Subtopic:   POWER OP MINISTER TO BRING ACT INTO OPERATION WITH OR WITHOUT COMPLAINT
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LIB

Samuel Factor

Liberal

Mr. FACTOR:

May I ask the Minister of Justice how the words "subject to the legislative jurisdiction of the parliament of Canada" in any way widen the range of industries and occupations?

Topic:   INDUSTRIAL DISPUTES
Subtopic:   POWER OP MINISTER TO BRING ACT INTO OPERATION WITH OR WITHOUT COMPLAINT
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CON

Hugh Guthrie (Minister of Justice and Attorney General of Canada)

Conservative (1867-1942)

Mr. GUTHRIE:

It does not widen it in any way; it rather has a limiting effect.

Topic:   INDUSTRIAL DISPUTES
Subtopic:   POWER OP MINISTER TO BRING ACT INTO OPERATION WITH OR WITHOUT COMPLAINT
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LIB

Samuel Factor

Liberal

Mr. FACTOR:

Well then, that is the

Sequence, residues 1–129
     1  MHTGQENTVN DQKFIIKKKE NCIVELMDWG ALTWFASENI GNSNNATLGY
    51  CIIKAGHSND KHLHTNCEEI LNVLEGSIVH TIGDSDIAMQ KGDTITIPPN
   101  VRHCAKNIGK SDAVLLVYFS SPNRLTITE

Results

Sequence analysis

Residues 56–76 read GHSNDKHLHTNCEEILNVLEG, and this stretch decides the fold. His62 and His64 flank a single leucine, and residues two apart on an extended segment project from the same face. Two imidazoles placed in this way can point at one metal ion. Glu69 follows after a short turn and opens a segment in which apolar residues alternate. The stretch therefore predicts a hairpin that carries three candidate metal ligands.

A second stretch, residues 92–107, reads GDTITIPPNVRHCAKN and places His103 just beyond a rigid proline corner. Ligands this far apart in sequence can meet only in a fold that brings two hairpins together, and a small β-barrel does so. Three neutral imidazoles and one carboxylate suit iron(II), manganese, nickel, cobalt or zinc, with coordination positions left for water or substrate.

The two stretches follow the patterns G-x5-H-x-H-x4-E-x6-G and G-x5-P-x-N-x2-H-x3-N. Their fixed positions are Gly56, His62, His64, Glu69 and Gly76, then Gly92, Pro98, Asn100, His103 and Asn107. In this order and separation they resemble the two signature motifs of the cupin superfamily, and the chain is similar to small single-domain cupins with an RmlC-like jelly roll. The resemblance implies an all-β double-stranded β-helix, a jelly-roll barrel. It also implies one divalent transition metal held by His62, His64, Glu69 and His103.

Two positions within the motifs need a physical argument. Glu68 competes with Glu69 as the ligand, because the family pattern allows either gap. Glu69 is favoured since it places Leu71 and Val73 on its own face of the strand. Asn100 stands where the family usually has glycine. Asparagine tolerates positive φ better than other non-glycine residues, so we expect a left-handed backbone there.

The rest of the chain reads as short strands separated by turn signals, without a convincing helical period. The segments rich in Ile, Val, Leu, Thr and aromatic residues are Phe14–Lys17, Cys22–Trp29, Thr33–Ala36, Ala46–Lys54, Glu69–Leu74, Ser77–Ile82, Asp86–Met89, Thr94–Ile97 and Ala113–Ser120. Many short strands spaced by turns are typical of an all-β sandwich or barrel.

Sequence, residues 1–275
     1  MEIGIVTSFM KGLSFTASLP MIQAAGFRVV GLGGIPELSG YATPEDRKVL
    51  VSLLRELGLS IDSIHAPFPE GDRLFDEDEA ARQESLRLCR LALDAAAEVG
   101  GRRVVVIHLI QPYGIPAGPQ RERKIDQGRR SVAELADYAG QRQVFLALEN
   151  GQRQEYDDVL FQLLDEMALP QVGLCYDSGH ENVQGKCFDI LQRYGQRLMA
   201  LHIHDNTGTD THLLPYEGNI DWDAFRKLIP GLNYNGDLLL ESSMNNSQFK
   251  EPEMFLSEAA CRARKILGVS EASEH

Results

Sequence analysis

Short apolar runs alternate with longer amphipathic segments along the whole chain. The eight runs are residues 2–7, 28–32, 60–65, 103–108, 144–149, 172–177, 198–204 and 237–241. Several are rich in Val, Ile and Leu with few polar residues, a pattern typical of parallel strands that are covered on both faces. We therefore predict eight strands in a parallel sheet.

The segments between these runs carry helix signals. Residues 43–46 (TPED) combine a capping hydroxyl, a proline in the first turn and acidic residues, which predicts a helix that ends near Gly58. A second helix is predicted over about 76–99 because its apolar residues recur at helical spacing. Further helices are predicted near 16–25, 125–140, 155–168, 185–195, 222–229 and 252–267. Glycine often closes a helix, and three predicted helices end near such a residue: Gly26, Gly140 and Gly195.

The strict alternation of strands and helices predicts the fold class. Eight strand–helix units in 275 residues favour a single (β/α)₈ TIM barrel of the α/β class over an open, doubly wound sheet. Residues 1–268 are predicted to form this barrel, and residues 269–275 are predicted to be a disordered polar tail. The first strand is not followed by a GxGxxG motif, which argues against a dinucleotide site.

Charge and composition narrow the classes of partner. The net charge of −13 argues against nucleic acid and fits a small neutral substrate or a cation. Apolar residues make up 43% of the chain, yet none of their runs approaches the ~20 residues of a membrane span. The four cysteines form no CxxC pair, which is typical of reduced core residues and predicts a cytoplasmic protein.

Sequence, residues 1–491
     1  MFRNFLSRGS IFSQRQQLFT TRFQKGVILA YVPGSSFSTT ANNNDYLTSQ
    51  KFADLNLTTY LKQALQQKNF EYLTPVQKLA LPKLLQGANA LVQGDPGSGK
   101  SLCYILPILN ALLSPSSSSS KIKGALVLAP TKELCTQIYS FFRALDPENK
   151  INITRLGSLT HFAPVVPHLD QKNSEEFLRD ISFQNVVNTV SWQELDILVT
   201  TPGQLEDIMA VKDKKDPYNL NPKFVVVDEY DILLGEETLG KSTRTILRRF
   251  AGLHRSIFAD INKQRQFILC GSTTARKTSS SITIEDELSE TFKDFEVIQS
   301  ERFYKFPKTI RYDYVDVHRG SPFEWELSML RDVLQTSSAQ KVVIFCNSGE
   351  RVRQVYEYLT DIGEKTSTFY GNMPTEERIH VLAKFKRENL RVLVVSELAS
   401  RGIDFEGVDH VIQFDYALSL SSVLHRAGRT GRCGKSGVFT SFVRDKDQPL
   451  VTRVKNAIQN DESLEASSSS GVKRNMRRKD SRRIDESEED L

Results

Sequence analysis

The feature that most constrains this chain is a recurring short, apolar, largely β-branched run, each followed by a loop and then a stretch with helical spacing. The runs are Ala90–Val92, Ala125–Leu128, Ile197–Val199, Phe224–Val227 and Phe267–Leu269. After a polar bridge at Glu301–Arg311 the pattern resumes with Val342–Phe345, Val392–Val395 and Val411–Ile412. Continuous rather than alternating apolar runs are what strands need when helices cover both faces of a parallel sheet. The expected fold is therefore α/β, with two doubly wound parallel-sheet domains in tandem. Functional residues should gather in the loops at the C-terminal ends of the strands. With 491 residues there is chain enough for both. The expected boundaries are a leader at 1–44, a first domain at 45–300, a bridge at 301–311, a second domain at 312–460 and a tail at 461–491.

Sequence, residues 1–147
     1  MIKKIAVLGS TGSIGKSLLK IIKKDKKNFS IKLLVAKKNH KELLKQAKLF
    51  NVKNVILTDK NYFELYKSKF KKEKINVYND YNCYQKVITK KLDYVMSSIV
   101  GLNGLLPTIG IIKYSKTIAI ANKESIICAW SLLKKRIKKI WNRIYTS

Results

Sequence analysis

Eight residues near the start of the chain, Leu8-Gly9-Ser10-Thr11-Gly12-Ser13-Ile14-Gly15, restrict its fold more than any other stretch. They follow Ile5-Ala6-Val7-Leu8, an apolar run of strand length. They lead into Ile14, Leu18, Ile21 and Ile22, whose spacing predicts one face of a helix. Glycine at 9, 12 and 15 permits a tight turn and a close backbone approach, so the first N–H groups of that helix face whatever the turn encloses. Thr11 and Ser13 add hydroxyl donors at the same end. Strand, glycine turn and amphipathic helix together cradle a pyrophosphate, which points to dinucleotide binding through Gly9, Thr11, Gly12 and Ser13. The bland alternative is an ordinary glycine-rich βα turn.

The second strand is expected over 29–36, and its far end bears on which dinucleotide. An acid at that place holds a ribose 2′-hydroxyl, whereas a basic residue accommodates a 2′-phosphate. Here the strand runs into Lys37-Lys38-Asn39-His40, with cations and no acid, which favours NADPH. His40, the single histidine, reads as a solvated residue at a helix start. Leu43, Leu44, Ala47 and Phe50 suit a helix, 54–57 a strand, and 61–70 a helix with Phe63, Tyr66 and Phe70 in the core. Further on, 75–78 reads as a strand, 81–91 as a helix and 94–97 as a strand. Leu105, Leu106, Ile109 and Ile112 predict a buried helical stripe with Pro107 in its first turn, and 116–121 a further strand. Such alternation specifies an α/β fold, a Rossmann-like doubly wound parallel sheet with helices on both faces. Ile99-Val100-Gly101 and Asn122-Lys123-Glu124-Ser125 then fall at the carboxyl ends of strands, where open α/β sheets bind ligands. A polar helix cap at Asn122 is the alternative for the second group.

point I wish to make.

Industrial Disputes Act

Topic:   INDUSTRIAL DISPUTES
Subtopic:   POWER OP MINISTER TO BRING ACT INTO OPERATION WITH OR WITHOUT COMPLAINT
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CON

Hugh Guthrie (Minister of Justice and Attorney General of Canada)

Conservative (1867-1942)

Mr. GUTHRIE:

If my hon. friend would turn to the report he has just read he would find that the last sentence of paragraph (ii) at the 'bottom of page 136 reads as follows:

The dominion should have authority to investigate any industrial situation ...

But, if we have not authority, what are we going to do about it?

Topic:   INDUSTRIAL DISPUTES
Subtopic:   POWER OP MINISTER TO BRING ACT INTO OPERATION WITH OR WITHOUT COMPLAINT
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LIB

Samuel Factor

Liberal

Mr. FACTOR:

The only thing done by the present amendment is that it narrows the scope of the former legislation.

Topic:   INDUSTRIAL DISPUTES
Subtopic:   POWER OP MINISTER TO BRING ACT INTO OPERATION WITH OR WITHOUT COMPLAINT
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CON